Why?  We fight our hardest not for king or country, but for the man or woman standing beside us during these times when we are called to arms. It is an integral part of our profession of arms, dating back for as long as we have had one.  We are here in service to the Republic, but we live and breath and will fight and bleed if we have to, all the more so for those with whom we stand — American or Iraqi.

For me this week, I buckled down and worked.  I do that sometimes.  My long days became even longer.  I skipped things like meals and time on Skype with my family, working more and harder and focused on a particular part of the problem set, trying to fix what I knew I could not undo but could only perhaps rectify.

My hard work won’t bring back a life taken.  But at times it feels like it is all that I can do.

So, sorry about dropping off the net.  Tomorrow, I will try to check in with Afghanistan and see how they are doing.  I should hope that they would be swimming in bundles by now.  And swimming in boxes from the Super Secret Project, too.

As we say, more to follow.  I needed to check back in, say hello, let you know that I am fine but saddened.  It happens, I just don’t have to like it.

And that’s me, last Saturday before the attack.  One of my buddies was cramping towards the end of the 18km run, so I went back out to find him and to run the rest of the way in with him.  We do some stupid things sometimes, like running an 18km race and then running some more, just to help a fellow Soldier see the mission through.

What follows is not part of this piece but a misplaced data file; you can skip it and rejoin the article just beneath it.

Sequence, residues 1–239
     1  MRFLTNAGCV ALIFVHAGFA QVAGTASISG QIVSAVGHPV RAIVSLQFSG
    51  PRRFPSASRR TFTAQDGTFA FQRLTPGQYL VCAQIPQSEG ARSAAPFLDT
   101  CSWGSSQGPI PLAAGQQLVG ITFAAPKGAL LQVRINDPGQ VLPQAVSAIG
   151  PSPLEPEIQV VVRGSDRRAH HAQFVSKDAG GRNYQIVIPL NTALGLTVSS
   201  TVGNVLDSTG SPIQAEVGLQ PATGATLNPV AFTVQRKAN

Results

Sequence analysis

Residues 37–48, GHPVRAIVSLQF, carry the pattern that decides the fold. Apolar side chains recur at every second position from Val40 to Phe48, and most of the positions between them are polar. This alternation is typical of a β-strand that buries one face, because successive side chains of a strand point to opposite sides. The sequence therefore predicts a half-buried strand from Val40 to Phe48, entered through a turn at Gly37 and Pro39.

Sewing patterns

June 5, 2011

One of the things that’s different with ABOL is that yes, people are sending sewing patterns.  But what kind?  What works, what’s best?

Well, take a look at this photo, and I’ll see if I can explain.

1.  If you want to include a sewing pattern, like this photo, it does’t have to be the prettiest thing ever.

2.  And like this photo, it can be a guy thing.  It’s universal – people sew and make clothes for a bunch of reasons, utility still being on that list.

3.  See any bi-focals on that guy?  At his age, he’s obviously not ready to read anything.  Assume the same with patterns.  Good pictures will go a long way, and simple patterns not reliant on reading are idea.  Literacy is out of the norm.

4. Look at that sleeve.  Two ball points, and a Sharpie.  Egads, that’s a horrible set of tools.  What can one make with that?  Well, the answer is, not much.  But for most of the folks on the other end, it’s going to be simple sewing with simple tools.